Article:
Do West and Christianity represent Esau and Edom?
By Meir Levin
The rabbinic identification of Rome with the Biblical figure of Esau is basic to the traditional understanding of much of the relevant sections of Chumash Bareishis [Genesis]. Esau’s faults and shortcomings as well as his complex and tortured relationship with his brother Yakov was seen by the Rabbis through the prism of this identification, so much so that the conflict of these two brothers typifies the struggle for spiritual and moral supremacy between Rome and Jerusalem.
It is somewhat unclear, though, what supports this identification. The voluminous Roman chronicles do not appear to contain any awareness of descent from Esau, although a memory of such an ignoble descent certainly could have been lost or suppressed. Our tradition does preserve the particulars of Roman descent from Esau.
“The great kingdom of Rome was built by Zepho, son of Eliphaz, son of Esau. Tirtat of the land of Elisha attacked him and killed him (Yelamdeinu, Batei Midrashos 160).”
The Malbim in his commentary to Obadia 1,1 suggests that in addition to genealogical descent, the identification of Rome and Esau is also based on the “founding of their faith by children of Edom, as R. Isaac Abarbanel wrote to Isaiah 34, with proofs.”
This comment of the Malbim may lead us the supposition that identification of Rome as Esau rests on the very visible traits that Roman, and subsequently Western civilization, shares with the character traits of Esau as he is described in the Chumash. In fact, it is my impression that midrashic collections seem to highlight especially these cultural qualities when they discuss Esau. The limitations of space do not allow a full treatment of this subject, which in truth deserves a book length treatment; we can, however, manage to briefly focus on two or three of them.
Among such traits is the individualism and disdain for tradition and authority that is such an obvious feature of Western civilization and also of Esau who was a “self-made man”. Esau willingly gave up his birthright in order to build his future with his own toil and effort. “Esau showed to others that (in his opinion) the institution of birthright is not morally correct. Rather one who is more talented, of his own right should be honored above others. Many great leaders of the nations of the worlds followed Esau ‘s opinion and disparaged the status of birth; rather, (they held) everything depends on the natural abilities of each individual (Netsiv, Haemek Davar to Genesis 23,34).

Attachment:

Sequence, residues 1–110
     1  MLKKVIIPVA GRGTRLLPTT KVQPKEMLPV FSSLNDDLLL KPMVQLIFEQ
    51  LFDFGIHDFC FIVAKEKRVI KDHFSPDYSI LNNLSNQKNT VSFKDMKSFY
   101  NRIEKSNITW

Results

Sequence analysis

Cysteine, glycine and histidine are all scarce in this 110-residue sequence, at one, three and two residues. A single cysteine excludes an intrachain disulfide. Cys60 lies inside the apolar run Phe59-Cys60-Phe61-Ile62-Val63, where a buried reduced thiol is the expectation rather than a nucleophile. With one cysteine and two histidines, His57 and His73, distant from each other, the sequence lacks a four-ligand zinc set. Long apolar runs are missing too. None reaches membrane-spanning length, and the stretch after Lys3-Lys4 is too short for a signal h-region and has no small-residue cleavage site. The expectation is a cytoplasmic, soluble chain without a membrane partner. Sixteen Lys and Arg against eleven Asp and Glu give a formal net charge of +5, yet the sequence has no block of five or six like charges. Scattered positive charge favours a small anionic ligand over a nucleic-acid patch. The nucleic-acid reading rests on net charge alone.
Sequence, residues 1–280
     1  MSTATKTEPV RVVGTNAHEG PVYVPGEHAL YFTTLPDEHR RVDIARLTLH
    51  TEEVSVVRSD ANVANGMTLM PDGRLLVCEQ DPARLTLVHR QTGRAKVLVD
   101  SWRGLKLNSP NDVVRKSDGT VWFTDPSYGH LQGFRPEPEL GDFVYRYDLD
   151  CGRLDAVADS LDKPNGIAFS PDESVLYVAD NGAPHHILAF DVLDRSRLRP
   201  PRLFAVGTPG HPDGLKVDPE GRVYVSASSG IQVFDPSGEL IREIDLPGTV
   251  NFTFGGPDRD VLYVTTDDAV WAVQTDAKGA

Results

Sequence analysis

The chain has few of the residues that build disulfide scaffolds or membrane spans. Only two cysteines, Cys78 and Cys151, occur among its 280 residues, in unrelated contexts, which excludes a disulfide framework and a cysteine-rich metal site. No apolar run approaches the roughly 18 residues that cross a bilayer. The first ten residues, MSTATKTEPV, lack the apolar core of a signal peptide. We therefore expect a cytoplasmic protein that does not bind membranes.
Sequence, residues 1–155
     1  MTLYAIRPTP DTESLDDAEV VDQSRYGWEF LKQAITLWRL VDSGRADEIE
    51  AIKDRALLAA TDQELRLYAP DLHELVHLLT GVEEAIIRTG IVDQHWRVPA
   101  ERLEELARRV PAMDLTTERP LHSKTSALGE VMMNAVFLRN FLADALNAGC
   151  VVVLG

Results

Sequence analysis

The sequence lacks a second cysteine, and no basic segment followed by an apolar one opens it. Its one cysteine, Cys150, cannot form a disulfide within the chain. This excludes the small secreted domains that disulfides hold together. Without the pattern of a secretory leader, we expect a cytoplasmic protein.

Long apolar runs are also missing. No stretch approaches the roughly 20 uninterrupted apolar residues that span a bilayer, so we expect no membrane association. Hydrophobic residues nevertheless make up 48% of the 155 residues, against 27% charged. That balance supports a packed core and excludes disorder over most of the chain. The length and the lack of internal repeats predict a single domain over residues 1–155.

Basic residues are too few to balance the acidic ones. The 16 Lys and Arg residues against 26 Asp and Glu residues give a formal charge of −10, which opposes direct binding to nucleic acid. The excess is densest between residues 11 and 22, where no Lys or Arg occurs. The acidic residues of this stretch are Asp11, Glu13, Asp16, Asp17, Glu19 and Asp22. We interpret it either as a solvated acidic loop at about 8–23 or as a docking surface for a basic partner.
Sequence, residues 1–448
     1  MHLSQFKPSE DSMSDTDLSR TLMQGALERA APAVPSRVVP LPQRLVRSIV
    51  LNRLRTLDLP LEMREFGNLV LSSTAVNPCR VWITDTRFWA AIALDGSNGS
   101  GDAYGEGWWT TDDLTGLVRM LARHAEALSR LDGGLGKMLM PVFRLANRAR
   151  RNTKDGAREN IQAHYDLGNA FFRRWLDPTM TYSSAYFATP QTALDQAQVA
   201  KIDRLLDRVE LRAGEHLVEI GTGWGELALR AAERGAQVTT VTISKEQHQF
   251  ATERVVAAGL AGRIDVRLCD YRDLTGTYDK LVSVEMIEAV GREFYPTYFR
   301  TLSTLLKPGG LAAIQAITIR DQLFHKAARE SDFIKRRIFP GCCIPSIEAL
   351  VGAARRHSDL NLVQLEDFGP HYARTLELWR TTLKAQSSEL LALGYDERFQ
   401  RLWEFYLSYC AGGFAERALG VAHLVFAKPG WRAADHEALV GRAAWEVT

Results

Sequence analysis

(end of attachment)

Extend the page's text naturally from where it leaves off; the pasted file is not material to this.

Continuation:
One trait of Esau that few will fail to recognize in the civilization and culture of the West is the emphasis on the image over substance, leavened with a good measure of hypocrisy.
He (Esau) was a hypocrite (Shocher Tov 14,3).
Esau would hunt him (Yitshak) and deceive him with words (Genesis Rabbah 63,10).
Nevertheless, the emphasis on the appearances brings a certain measure of outward nobility and aristocratic bearing which is evident in the outside trappings of Esau’s civilization, his architecture, art, music – the brilliance of classical Western culture. The Maharal writes: ” The verse “two proud ones in your belly” alludes to the wide view of Israel and Edom, not just Rebbi and Antoninus alone (see our Midrash Toldos for a technical discussion of this statement) – that they possess a specific substance. They have a live force of substance and they comport themselves with worth in their eating. This means that there is one who eats like an animal, without raising himself in it but Israel and Esau do not conduct themselves so. They prepare a proper environment to make their eating more important. So also Esau comports himself in his clothing to this day to honor himself in his dress and to raise his self respect above that of other nations, also through great buildings. Not so Ishmael – they do not care about their clothing, cuisine, bathhouses…. this means that they (sons of Esau) have a self-worth in their life-force (Gur Arye, Gen. 25, 24).